Electronic Medical Records
Panel discussion during "The Future of Health Innovation: Bridging Danish and US Innovation in Health"
on October 30, 2010
While "EMR" has been common practice in Denmark for years in both primary and secondary care, paper-based records are still by far the preferred method of recording patient information for most hospitals and practices in the U.S..
Recognizing the intense need to increase the nation's health system efficiency, reduce cost and improve quality, the Obama Administration signed into law the Health Information Technology for Economic and Clinical Health Act, also known as HITECH, as part of the American Recovery and Reinvestment Act ("ARRA"), on February 17, 2009. HITECH allocates $19 billion to hospitals and physicians who demonstrate Meaningful Use of Electronic Medical Records, and sets goals for “the utilization of an Electronic Health Record for each person in the United States by 2014”.
The HITECH stimulus has boosted EMR technology investments. A variety of low cost or even free solutions are now available to physicians, who can run them online with minimal setup, or even on an iPad. Essinova has recently featured several of these innovative offerings, such as CareCloud, Practice Fusion and DrChrono.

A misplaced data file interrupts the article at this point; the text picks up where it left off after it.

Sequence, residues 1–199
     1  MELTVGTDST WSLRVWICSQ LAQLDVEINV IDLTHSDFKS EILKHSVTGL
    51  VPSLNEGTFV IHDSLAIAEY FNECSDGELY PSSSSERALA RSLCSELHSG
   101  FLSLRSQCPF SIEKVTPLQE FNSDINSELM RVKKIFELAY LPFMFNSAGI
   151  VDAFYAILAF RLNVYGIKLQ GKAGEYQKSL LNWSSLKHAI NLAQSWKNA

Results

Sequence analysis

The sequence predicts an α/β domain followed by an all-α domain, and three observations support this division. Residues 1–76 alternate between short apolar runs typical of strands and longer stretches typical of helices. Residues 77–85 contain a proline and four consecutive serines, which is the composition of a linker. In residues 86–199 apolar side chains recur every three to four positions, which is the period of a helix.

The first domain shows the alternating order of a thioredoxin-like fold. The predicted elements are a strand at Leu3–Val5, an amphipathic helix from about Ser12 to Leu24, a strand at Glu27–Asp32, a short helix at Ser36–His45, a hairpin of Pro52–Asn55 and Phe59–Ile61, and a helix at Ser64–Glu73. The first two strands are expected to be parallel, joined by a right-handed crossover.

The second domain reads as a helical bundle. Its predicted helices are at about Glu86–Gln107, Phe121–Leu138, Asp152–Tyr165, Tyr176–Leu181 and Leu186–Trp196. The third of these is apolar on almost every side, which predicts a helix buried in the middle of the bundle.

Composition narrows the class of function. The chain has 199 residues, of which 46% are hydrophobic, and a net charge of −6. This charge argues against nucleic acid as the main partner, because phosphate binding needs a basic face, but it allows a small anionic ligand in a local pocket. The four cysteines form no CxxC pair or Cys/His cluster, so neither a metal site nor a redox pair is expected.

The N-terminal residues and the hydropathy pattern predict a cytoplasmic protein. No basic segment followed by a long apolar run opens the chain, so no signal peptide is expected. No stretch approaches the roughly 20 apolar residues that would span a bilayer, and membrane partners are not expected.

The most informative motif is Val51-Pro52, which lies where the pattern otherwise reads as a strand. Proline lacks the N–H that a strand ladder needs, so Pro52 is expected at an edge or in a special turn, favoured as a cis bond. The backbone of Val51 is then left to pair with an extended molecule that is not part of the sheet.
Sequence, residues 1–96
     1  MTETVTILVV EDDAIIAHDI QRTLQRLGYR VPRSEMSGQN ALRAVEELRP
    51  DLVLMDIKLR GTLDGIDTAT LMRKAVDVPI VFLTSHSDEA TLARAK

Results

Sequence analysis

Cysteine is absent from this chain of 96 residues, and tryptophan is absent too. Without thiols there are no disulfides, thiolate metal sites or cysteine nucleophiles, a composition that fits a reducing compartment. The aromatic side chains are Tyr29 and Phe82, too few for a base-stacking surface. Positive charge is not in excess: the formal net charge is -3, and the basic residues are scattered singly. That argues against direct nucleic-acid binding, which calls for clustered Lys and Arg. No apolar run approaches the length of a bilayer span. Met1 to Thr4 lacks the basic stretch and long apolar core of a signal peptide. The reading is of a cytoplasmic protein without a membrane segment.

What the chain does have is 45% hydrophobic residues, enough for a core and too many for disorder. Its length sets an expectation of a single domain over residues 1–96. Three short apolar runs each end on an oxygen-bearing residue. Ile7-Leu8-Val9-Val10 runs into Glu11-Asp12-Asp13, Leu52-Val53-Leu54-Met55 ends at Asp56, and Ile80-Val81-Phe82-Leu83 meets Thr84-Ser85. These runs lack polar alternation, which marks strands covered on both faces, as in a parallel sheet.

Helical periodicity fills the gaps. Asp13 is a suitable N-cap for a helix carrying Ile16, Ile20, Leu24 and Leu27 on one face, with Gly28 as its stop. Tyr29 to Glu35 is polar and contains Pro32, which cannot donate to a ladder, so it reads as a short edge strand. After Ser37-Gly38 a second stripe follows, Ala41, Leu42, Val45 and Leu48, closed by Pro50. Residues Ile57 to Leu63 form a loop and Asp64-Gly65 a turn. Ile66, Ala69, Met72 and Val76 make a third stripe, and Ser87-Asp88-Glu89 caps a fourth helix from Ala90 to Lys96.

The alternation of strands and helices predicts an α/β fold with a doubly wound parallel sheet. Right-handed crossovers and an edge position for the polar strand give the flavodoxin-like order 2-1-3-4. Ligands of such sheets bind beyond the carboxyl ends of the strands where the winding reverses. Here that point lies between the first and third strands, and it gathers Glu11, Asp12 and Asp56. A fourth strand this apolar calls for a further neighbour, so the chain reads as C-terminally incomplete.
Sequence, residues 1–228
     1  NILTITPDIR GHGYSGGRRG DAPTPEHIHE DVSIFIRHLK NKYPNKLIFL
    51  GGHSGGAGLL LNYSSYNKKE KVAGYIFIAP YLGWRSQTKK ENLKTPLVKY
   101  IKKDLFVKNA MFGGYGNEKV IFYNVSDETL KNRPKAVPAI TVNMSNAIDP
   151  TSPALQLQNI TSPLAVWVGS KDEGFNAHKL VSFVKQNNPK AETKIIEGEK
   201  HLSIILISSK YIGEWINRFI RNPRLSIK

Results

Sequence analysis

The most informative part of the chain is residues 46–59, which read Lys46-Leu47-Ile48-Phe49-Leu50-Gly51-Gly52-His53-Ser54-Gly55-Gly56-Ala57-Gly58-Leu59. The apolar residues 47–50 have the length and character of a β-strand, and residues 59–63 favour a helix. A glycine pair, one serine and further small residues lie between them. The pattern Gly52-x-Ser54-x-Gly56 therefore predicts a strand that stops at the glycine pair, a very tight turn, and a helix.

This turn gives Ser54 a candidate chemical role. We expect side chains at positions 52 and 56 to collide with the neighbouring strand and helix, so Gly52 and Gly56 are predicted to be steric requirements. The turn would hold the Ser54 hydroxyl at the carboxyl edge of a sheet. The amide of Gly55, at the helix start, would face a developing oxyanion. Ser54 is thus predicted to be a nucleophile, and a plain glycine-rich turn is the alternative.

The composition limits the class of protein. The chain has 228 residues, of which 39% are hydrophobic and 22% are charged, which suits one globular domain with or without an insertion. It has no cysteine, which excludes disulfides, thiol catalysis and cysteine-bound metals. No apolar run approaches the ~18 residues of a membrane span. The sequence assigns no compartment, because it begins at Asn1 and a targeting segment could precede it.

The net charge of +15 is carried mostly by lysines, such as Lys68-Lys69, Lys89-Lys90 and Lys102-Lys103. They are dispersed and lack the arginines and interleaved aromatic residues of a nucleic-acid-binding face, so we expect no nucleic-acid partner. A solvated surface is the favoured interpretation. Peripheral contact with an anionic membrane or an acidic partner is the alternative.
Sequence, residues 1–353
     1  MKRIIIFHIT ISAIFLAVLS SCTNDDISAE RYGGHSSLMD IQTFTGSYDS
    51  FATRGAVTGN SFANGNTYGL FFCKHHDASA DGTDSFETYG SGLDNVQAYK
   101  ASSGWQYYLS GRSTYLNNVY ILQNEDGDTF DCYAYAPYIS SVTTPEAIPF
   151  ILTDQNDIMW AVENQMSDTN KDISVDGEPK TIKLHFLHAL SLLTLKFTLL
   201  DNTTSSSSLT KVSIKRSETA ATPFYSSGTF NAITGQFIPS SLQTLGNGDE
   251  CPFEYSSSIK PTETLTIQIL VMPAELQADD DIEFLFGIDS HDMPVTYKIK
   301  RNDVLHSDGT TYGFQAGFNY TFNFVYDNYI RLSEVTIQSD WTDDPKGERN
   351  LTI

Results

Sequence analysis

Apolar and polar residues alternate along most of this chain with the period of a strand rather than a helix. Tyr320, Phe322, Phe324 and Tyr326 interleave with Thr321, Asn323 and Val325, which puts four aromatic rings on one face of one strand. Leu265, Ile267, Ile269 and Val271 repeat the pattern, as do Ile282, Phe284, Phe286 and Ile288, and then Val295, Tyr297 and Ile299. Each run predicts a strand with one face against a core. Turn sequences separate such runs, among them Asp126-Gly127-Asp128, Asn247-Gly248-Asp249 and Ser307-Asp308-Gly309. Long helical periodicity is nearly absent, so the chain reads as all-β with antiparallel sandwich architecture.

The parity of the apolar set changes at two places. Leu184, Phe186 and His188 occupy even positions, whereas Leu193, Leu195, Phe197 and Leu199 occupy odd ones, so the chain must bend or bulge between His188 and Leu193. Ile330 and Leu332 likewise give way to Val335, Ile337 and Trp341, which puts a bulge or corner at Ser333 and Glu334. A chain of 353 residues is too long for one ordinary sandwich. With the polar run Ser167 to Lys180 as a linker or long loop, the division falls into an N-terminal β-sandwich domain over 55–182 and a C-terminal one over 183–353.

The panel discussion in this video, recorded during "The Future of Health Innovation", provides more background and a global view of key issues confronting EMR adoption, from standards and interoperability to privacy and security. A clinician, a health administrator, a health IT executive and an EMR start-up engineering lead bring their perspectives on these issues, from both the U.S. and Denmark.
Henning Bruun-Schmidt, Business Development Executive, IBM ACURE
Adams Dudley, M.D., M.B.A., Professor of Medicine and Health Policy at UCSF
Matthew Douglass, VP of Engineers, Practice Fusion
Lene Asholm, Assistant Manager, Health Documentation at Denmark National Board of Health
Moderated by: Susan Lucas-Conwell, CEO, SDForum
Tags: EMR, EHR, PHR, electronic health records, electronic medical records, IBM, Practice Fusion, UCSF, National Board of Health, The Future of Health Innovation, Innovation Center of Denmark, Denmark, SD Forum